• Make sure appliances are installed according to manufacturer's instructions and local building codes. Professionals should install most appliances. Have the heating system (including chimneys and vents) inspected and serviced annually. The inspector should also check chimneys and flues for blockages, corrosion, partial and complete disconnections, and loose connections.
  • Install a CO detector/alarm that meets the requirements of the current UL standard 2034 or the requirements of the IAS 6-96 standard. A carbon monoxide detector/alarm can provide added protection, but is no substitute for proper use and upkeep of appliances that can produce CO. Install a CO detector/alarm in the hallway near every separate sleeping area of the home. Make sure furniture or draperies cannot cover up the detector.
  • Never burn charcoal inside a home, garage, vehicle, or tent.
  • Never use portable fuel-burning camping equipment inside a home, garage, vehicle, or tent.
  • Never leave a car running in an attached garage, even with the garage door open.
  • Never service fuel-burning appliances without proper knowledge, skills, and tools. Always refer to the owner's manual when performing minor adjustments or servicing fuel-burning appliances.
  • Never use gas appliances such as ranges, ovens, or clothes dryers for heating your home.
  • Never operate unvented fuel-burning appliances in any room with closed doors or windows or in any room where people are sleeping.
  • Do not use gasoline-powered tools and engines indoors. If use is unavoidable, ensure that adequate ventilation is available and whenever possible place engine unit to exhaust outdoors.

What to do if experiencing CO symptoms

If experiencing any of the symptoms of CO poisoning, get fresh air immediately. Open windows and doors for more ventilation, turn off any combustion appliances and leave the house. Call the fire department and report the symptoms. A person could lose consciousness and die if nothing is done.

It is also important to contact a doctor immediately for a proper diagnosis. Tell the doctor that CO poisoning is suspected.

Prompt medical attention is important if experiencing any symptoms of CO poisoning when operating fuel-burning appliances. Before turning fuel-burning appliances back on, make sure a qualified serviceperson checks them for malfunction.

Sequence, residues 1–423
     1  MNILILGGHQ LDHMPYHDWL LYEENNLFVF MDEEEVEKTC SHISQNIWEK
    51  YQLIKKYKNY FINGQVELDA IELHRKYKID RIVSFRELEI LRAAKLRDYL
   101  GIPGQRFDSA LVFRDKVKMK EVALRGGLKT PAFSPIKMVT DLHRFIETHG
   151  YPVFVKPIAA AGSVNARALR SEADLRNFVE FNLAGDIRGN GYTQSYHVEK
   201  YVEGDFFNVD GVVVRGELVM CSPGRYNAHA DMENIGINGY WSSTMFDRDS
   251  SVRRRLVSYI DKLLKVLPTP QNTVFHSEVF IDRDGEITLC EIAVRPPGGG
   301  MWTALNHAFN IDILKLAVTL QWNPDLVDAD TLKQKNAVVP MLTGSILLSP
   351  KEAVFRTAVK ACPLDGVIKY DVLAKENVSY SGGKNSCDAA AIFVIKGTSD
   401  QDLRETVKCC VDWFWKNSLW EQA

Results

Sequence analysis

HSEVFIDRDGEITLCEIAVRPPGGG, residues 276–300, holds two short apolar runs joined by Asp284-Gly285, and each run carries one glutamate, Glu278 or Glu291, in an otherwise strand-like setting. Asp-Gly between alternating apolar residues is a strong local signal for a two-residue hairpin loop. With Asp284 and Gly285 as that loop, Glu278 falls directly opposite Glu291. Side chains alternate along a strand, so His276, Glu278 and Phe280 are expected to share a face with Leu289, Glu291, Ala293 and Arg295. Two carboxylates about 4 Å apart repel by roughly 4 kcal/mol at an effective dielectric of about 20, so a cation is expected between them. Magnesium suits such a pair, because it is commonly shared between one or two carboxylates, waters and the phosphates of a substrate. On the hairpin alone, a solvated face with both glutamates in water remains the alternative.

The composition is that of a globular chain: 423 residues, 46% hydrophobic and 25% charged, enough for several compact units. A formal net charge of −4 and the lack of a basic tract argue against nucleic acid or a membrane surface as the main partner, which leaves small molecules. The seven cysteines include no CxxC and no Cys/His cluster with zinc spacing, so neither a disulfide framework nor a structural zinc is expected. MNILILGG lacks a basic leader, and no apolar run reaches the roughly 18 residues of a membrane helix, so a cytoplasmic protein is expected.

Detectors/alarms

  • Carbon monoxide detectors/alarms are designed to alarm before potentially life-threatening levels of CO are reached. The UL standard 2034 (1998 revision) has stricter requirements that the detector/alarm must meet before it can sound. As a result, the possibility of nuisance alarms is decreased.
  • CO alarms should be installed according to the manufacturer's instructions. CPSC recommends that one CO alarm be installed in the hallway outside the bedrooms in each separate sleeping area of the home. CO alarms may be installed into a plug-in receptacle or high on the wall because CO from any source will be well mixed with the air in the house. Make sure furniture or draperies cannot cover up the alarm.
  • Never ignore an alarming CO detector/alarm. If the detector/alarm sounds: Operate the reset button. Call emergency services (fire department or 911). Immediately move to fresh air -- outdoors or by an open door/window.
  • To make sure a detector/alarm is working properly, follow the manufacturer's instructions. Using a test button, some detectors/alarms test whether the circuitry as well as the sensor which senses CO is working, while the test button on other detectors only tests whether the circuitry is working. For those units which test the circuitry only, some manufacturers sell separate test kits to help the consumer test the CO sensor inside the alarm.

Source -- U.S. Consumer Product Safety Commission, Office of Information and Public Affairs, Washington, D.C.